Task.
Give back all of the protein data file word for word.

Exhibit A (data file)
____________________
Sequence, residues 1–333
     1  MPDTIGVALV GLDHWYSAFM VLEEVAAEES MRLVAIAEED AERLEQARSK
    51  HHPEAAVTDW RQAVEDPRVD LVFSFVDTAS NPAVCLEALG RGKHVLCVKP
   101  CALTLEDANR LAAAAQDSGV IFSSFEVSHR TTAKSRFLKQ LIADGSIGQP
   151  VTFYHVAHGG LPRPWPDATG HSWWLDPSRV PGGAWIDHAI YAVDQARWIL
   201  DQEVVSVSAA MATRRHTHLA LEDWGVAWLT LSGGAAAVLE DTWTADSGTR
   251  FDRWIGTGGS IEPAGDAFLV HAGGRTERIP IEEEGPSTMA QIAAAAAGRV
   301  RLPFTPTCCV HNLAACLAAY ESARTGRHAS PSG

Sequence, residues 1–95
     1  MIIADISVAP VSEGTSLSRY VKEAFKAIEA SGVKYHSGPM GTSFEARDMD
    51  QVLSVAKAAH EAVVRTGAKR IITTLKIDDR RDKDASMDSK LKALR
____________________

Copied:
Sequence, residues 1–333
     1  MPDTIGVALV GLDHWYSAFM VLEEVAAEES MRLVAIAEED AERLEQARSK
    51  HHPEAAVTDW RQAVEDPRVD LVFSFVDTAS NPAVCLEALG RGKHVLCVKP
   101  CALTLEDANR LAAAAQDSGV IFSSFEVSHR TTAKSRFLKQ LIADGSIGQP
   151  VTFYHVAHGG LPRPWPDATG HSWWLDPSRV PGGAWIDHAI YAVDQARWIL
   201  DQEVVSVSAA MATRRHTHLA LEDWGVAWLT LSGGAAAVLE DTWTADSGTR
   251  FDRWIGTGGS IEPAGDAFLV HAGGRTERIP IEEEGPSTMA QIAAAAAGRV
   301  RLPFTPTCCV HNLAACLAAY ESARTGRHAS PSG

Sequence, residues 1–95
     1  MIIADISVAP VSEGTSLSRY VKEAFKAIEA SGVKYHSGPM GTSFEARDMD
    51  QVLSVAKAAH EAVVRTGAKR IITTLKIDDR RDKDASMDSK LKALR